Sandrine Debecker April 18, 2016

Stent-assisted coil embolization (SACE) is widely accepted for the endovascular treatment of wide-neck or complex cerebral aneurysms. Dr. Kenichi Kono and his team at the Showa University Fujigaoka Hospital of Kanagawa in Japan have assessed and compared the hemodynamic effect of stent struts and straightening of vessels. They tested out the effects of stent placement on reducing flow velocity in sidewall cerebral aneurysms with the goal of reducing recanalization rates. Thanks to this groundbreaking study, Dr. Kono was the Global Mimics Innovation Award winner in 2015.

Angiograms and illustration of vessel straightening using stent placement in cerebral aneurysm
Angiograms and illustration of vessel straightening using stent placement. © 2014 Kono et al., PLOS One

(A) An angiogram shows a sidewall aneurysm in the left vertebral artery. (B) Six months after a stent-assisted coil embolization for the aneurysm, an angiogram shows the complete occlusion of the aneurysm and straightening of the vessel. (C) The two 3D images of the vessel and the aneurysm at pre- (in red) and post-treatment (in blue) are fused. (D) The ‘‘inflow angle’’ and ‘‘outflow angle’’ are defined as angles between the neck plane of an aneurysm and an inflow line or an outflow line. The angles can be negative when the angles show opposite directions.

First study on the hemodynamic effects of stent struts and the straightening of vessels

Recent clinical studies have shown that recanalization rates are lower in stent-assisted coil embolization as opposed to non-assisted coiling in the treatment of cerebral aneurysms. This situation probably occurs because of two types of hemodynamic effects produced by stent placement: stent struts and the straightening of vessels.

According to the researchers, the hemodynamic effects of stent struts have been widely studied with computational fluid dynamics (CFD) simulations and in vitro experiments. Hemodynamic studies on the straightening of vessels have also been reported. However, this is the first report to compare the hemodynamic effects caused by stent struts and those of the straightening of vessels in SACE.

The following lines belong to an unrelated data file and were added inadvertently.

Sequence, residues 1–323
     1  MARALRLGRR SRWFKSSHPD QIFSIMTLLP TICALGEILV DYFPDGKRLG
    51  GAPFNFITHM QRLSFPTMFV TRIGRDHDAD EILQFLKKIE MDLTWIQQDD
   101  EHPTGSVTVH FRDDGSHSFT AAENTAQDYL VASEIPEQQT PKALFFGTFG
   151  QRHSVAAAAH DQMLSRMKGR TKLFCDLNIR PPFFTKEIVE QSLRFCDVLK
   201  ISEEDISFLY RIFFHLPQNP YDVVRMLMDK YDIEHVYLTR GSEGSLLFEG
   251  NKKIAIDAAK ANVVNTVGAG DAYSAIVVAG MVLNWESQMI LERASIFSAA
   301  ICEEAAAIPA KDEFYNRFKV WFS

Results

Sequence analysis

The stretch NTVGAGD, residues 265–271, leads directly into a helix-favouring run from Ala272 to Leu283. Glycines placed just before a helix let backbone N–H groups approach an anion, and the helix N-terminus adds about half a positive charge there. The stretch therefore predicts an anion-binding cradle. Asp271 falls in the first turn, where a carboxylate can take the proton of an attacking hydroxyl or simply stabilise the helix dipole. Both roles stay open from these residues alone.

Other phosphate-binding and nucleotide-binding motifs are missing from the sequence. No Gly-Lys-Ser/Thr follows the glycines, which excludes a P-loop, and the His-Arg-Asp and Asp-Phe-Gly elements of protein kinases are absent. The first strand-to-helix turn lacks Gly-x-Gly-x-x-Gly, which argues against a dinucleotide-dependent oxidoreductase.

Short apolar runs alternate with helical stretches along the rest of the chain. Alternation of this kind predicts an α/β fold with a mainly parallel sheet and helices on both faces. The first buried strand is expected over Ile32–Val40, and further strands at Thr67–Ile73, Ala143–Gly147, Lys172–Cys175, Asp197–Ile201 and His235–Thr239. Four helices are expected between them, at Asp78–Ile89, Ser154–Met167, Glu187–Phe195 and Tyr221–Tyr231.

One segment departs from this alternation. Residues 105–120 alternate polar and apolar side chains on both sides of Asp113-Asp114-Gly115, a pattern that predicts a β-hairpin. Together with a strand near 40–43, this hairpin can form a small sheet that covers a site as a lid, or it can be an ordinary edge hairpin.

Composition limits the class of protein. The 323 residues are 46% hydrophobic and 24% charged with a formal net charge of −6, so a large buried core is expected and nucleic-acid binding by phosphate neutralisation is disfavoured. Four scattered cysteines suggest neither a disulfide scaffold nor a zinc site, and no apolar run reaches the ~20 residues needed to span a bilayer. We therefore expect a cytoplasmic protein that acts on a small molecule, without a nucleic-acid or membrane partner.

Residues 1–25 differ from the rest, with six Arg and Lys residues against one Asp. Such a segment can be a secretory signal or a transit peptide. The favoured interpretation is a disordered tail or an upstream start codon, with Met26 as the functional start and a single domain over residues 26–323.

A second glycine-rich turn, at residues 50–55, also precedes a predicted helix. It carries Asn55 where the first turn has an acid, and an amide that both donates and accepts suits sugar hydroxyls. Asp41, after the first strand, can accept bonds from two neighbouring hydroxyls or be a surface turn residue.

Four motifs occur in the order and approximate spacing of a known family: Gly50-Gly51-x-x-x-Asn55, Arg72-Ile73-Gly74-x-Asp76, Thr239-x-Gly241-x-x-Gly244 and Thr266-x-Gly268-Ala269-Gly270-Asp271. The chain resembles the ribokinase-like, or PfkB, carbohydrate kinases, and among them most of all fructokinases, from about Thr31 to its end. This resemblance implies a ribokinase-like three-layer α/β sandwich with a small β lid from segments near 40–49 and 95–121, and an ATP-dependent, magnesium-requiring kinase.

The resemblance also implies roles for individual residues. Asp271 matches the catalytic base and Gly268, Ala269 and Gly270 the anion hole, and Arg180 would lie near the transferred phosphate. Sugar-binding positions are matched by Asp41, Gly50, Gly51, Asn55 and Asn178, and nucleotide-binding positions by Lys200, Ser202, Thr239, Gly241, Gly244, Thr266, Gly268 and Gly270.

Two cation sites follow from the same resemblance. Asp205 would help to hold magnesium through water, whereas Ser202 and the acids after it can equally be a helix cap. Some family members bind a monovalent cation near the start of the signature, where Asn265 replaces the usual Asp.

CFD simulations of sidewall cerebral aneurysms

Dr. Kono and his team performed CFD simulations of 16 patient-specific sidewall aneurysms treated with SACE. The simulations were performed before and after treatment, with and without stent struts.

The researchers first obtained 3D images of the vascular geometry of the patients with a 3D rotational angiography, before and 6 months after the stent placement. The two images were fused using Materialise 3-matic, by choosing three points located at similar regions on both 3D images. Next, Dr. Kono and his team performed a manual registration based on the geometry of the aneurysm and a parent vessel near the aneurysm.

While performing the CFD simulations, they were able to determine the main factor that was reducing the flow velocity in aneurysms and recanalization rates.

They concluded that in sidewall aneurysms, stent struts have stronger effects (approximately two times more) on the reduction in flow velocity, as opposed to the straightening of vessels. Hemodynamic effects with straightening vary in each case and can be predicted by the inflow of angles of the pre-operative vessel geometry. These results may be useful to design a treatment strategy for reducing recanalization rates.

Illustrations of hemodynamic analysis of the flow velocity reduction in a cerebral aneurysm
Illustrations of hemodynamic analysis of flow velocity reduction in a cerebral aneurysm. © 2014 Kono et al., PLOS One

Contours of the cut plane are colored according to mean flow velocity. The white arrow in the pre-treatment image indicates the flow direction. Flow velocity was reduced by 20% after placement of stent struts on the initial geometry. Flow velocity was reduced by 211% (i.e., increased by 11%) after straightening of a vessel without stent struts. The combination of both stent struts and straightening resulted in a flow reduction of 15%. Straightening of the vessel changed the inflow angle from -24° to -15°.  

About the author

Kenichi-Kono

Dr. Kenichi Kono is a neurosurgeon and an assistant professor at the Department of Neurosurgery, Showa University Fujigaoka Hospital of Kanagawa in Japan. He is specialized in endovascular treatments and open-skull surgery. He is a user of Materialise 3-matic and performs computational fluid dynamic simulations. In 2015, Dr. Kono received the Global Mimics Innovation Award with his research on hemodynamic effects of stent struts versus straightening of vessels in stent-assisted coil embolization for sidewall cerebral aneurysms.

Read more publications of Dr. Kono on ResearchGate Subscribe to our blog to receive regular updates on Medical 3D Printing!